The chief executive of Oil and Gas UK has said there is still a “mountain to climb” to bring more women into engineering.
Deidre Michie’s comments come following a new report showing Scotland is the worst-performing home nation for women starting engineering apprenticeships.
The Engineering UK document shows just 12% of those in the field in Britain are female, and that there is “compelling evidence” that many young girls feel they cannot enter the profession or find it unattractive.
This is despite many girls outperforming boys in science, technology, engineering and maths (STEM).
Ms Michie argues more can and must be done.
She said: “The disappointing, and sadly not surprising, findings in this report confirm the mountain we still have to climb to encourage more girls to pursue a career in STEM fields.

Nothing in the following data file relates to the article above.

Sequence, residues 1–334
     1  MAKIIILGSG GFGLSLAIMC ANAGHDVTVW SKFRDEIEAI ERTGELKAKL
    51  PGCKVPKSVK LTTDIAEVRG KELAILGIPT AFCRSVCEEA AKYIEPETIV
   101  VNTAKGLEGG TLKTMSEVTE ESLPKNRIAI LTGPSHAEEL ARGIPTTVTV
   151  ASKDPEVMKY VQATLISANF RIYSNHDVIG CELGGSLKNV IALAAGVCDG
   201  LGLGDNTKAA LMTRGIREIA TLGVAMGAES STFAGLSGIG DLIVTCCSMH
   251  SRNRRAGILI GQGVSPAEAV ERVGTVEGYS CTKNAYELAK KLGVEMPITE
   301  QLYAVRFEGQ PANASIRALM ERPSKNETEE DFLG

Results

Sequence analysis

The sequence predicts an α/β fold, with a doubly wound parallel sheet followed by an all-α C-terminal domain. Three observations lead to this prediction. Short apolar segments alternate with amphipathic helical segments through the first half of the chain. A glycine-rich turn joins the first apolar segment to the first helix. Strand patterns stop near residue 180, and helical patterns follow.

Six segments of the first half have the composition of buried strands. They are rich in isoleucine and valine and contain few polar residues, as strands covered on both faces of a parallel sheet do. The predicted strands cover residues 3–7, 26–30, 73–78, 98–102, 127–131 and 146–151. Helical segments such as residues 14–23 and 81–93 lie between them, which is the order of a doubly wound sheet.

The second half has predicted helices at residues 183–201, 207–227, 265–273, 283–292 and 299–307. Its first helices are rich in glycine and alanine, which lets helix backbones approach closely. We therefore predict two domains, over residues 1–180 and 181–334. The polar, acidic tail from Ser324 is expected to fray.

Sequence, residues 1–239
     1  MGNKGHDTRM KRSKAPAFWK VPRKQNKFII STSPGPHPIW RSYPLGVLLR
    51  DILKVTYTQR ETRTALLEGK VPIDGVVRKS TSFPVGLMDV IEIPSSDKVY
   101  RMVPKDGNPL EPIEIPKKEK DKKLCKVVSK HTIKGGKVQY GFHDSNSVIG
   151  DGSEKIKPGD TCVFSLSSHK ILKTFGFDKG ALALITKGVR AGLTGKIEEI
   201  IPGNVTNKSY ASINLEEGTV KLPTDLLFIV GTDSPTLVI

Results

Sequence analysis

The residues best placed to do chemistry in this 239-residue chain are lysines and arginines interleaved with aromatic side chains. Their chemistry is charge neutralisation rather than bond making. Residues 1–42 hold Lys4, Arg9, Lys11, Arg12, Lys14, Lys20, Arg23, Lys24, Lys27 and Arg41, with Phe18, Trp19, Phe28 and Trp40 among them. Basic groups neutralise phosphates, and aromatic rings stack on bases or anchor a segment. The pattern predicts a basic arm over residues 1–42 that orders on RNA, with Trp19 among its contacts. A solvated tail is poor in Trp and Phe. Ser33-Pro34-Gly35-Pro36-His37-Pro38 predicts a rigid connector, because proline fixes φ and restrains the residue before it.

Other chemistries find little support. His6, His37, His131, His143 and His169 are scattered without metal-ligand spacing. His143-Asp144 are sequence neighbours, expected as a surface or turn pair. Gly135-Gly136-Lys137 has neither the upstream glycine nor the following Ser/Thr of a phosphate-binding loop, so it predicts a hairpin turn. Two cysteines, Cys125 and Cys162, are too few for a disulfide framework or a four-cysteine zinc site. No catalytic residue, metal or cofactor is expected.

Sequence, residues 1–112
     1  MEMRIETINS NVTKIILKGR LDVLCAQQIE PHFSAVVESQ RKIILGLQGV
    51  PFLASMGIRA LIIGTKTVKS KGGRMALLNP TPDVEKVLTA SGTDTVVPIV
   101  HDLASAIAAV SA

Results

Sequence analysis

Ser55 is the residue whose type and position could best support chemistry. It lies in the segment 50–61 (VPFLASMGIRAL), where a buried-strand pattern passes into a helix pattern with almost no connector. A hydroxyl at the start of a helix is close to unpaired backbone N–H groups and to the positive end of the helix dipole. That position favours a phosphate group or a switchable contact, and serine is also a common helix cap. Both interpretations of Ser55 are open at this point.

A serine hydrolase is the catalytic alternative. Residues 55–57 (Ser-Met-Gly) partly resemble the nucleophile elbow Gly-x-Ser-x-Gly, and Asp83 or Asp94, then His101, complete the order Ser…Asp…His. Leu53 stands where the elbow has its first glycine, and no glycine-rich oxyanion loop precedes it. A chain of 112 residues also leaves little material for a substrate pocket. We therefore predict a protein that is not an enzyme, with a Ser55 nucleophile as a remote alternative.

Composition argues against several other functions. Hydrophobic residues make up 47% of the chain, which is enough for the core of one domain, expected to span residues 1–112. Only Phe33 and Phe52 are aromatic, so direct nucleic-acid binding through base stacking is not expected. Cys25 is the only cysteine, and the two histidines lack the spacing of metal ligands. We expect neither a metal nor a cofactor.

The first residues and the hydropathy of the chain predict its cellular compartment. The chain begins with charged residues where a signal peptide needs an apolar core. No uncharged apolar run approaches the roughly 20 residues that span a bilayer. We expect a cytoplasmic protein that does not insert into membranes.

“This includes addressing the barriers and misconceptions which follow a girl from school to adulthood, highlighted in the report.
“The biggest problems of our time – food scarcity, water cleanliness and energy security – will be solved by our engineers. We need a diversity of opinion and of backgrounds to ensure the best
chance of finding solutions and ensuring more women are attracted to engineering roles will be key to this.
“This is a challenge which the oil and gas industry is tackling head on with a number of company and industry-wide initiatives in place including the AXIS network, the Women into Science and Engineering Campaign and Shell’s Girls in Energy programme.
“However, we know that we can and must do more, which is why Oil & Gas UK looks forward to playing a greater role in future in encouraging meaningful diversity in our innovative, exciting and changing industry.”